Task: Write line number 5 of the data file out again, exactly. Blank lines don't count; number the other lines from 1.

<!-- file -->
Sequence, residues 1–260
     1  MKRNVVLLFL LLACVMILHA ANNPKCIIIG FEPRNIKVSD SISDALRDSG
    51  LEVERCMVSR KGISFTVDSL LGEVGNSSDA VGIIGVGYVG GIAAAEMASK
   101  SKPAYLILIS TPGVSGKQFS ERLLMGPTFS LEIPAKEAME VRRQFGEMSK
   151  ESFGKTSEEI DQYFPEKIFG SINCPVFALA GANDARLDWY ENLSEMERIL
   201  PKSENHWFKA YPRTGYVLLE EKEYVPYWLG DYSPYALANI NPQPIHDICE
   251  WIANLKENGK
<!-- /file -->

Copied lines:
   151  ESFGKTSEEI DQYFPEKIFG SINCPVFALA GANDARLDWY ENLSEMERIL